Presentation is loading. Please wait.

Presentation is loading. Please wait.

Chapter 11. Labeling and Signage

Similar presentations

Presentation on theme: "Chapter 11. Labeling and Signage"— Presentation transcript:

1 Chapter 11. Labeling and Signage
Managing Data Center Chapter 11. Labeling and Signage

2 Choosing a Numbering Scheme
It is necessary to number each cabinet location in a server environment for several reasons. At the most basic level, numbering creates a common frame-of-reference for navigating and working in the space. Data Center servers and infrastructure can be assigned specific locations. Labeling isn't useful only for knowing where to place servers and networking devices; it is equally important to have defined destinations for structured cabling and electrical conduits. a numbering scheme lends itself to creating a database of Data Center equipment that includes location information.

3 Choosing a Numbering Scheme (Cont)
the most common Data Center numbering scheme involves laying a virtual grid over the Data Center and establishing coordinates for each floor tile location. plotting coordinates along X and Y axes. Letters proceed in sequence on one Data Center wall, while numbers proceed in sequence along another wall that is perpendicular to the first.

4 Choosing a Numbering Scheme (Cont)
Grid numbers are typically printed high on each Data Center wall, just below the ceiling line. This is intended to make the information visible throughout the server environment. In practice, however, these numbers can be hard to see when standing in the middle of a server row with industry-standard server cabinets. Some companies also print the grid coordinates on floor panels, which is effective as long as tiles are returned to their correct locations after being lifted to access the under-floor

5 Choosing a Numbering Scheme (Cont)
An advantage of the grid system is that it is based upon physical coordinates within the Data Center and not limited solely to cabinet locations. The grid therefore can also be used to indicate the locations of major infrastructure on the Data Center floor, not just servers. Recording specific locations on the grid for air handlers, power distribution units, sprinkler heads, cylinders containing fire suppressant, or structural columns is also useful. EX: for example, air handlers are located at grid locations 33A, 24U, 15A, and 7U

6 Choosing a Numbering Scheme (Cont)
Another approach is the labeling of server rows themselves in sequence, Row 1 would contain cabinets 1A, 1B, 1C, and so on; Row 2 would contain cabinets 2A, 2B, 2C, and so on. people find this numbering system familiar and therefore easier to work within than the grid. Its only shortcoming compared to the grid is that it only creates location information for devices located within server rows, and can't be expanded to air handlers and other major infrastructure components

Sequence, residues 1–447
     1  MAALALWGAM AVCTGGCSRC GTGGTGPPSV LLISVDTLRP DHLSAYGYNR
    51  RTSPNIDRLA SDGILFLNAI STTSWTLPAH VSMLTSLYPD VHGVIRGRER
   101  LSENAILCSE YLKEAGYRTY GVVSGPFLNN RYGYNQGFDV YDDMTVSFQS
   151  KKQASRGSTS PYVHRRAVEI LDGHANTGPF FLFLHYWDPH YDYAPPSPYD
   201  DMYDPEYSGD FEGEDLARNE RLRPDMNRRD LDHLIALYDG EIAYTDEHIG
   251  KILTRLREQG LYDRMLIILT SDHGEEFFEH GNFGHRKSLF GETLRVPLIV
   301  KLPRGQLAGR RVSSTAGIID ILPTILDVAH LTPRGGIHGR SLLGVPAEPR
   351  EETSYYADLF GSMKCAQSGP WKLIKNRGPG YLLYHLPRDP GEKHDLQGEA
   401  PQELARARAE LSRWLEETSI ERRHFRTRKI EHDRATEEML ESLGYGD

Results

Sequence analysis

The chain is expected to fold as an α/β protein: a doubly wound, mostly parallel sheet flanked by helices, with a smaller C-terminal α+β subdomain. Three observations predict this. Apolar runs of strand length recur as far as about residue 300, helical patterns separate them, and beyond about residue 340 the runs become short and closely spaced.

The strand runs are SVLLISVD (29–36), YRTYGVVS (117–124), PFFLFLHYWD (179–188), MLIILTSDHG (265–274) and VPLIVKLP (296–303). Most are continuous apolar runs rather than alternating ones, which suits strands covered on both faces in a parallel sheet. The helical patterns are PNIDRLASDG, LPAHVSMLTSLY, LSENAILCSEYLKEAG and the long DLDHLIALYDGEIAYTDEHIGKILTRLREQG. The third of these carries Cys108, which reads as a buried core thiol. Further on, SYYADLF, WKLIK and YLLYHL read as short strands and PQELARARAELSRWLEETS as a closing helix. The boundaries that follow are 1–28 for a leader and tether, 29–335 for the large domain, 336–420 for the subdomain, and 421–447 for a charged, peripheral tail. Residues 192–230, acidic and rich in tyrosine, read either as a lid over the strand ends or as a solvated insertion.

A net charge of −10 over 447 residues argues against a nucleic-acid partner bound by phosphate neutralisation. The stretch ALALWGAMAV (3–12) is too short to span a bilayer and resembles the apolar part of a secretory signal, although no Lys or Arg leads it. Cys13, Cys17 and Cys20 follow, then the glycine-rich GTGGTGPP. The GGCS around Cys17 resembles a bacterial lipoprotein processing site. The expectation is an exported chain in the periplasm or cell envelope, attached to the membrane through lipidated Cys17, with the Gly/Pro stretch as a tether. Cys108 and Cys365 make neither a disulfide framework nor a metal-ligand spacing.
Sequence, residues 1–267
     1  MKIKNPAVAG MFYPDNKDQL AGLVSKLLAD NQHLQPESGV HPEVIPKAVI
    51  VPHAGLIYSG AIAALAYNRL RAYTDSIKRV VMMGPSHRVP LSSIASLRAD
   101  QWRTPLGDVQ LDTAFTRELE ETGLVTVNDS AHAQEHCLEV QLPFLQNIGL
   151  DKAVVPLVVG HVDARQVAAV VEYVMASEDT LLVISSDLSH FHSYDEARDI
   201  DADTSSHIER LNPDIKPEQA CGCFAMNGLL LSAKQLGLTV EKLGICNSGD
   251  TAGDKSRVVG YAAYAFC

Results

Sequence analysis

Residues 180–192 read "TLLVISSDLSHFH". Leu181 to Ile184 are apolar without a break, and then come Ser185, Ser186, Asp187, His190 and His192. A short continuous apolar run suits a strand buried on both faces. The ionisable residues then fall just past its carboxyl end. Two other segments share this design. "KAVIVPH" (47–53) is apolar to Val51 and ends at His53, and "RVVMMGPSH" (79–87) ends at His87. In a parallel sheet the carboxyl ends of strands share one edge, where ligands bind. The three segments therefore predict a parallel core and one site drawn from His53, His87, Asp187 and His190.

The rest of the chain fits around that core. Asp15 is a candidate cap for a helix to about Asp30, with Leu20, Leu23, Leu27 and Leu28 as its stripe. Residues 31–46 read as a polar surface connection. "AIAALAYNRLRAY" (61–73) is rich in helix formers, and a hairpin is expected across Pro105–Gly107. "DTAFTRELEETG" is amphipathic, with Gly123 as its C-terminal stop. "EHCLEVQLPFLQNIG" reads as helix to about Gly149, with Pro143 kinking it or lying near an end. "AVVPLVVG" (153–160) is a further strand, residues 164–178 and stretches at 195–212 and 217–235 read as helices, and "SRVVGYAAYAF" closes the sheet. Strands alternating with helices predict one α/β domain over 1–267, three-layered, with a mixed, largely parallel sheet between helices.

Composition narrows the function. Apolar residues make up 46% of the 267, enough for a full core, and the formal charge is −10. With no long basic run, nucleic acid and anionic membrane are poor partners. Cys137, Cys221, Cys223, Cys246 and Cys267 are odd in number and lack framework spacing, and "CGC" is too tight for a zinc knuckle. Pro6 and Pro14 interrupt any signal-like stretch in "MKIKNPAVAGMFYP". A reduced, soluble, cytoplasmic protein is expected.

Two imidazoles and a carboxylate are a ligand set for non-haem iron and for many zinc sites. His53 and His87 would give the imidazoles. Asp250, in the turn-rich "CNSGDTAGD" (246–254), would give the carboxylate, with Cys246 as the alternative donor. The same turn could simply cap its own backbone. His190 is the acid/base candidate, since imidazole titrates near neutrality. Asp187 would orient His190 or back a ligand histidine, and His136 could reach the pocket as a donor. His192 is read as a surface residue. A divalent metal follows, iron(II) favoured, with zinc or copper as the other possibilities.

7 No matter what numbering system you use, large objects such as disk libraries inevitably overlap onto multiple coordinates. When determining the location information of a large object, don't list multiple locations. Doing so can be confusing. Instead, choose one reference point and be consistent. Establish all location coordinates based upon the center or upper left corner of the device, for example.

8 Recommended Labeling Practices
What to label? label everything: Structured cabling, Power receptacles and circuit panels, Cabinets, Raised floor tiles, Individual servers and networking devices, Entire server rows, Major infrastructure components. How to label? there are several options: Printing on address labels, Using pre-printed stickers, Ordering engraved signs, Writing on masking tape with a marking pen. Notes: employ large lettering with an easy-to-read font and choose a consistent format. Always place labels in a prominent location—you want the information that they contain to be easily noticed by Data Center users or support staff. Put labels at eye level when possible or at least somewhere that has an unobstructed line of sight. EX: Floor tile surfaces are excellent for providing information

9 Recommended Labeling Practices (Cont.)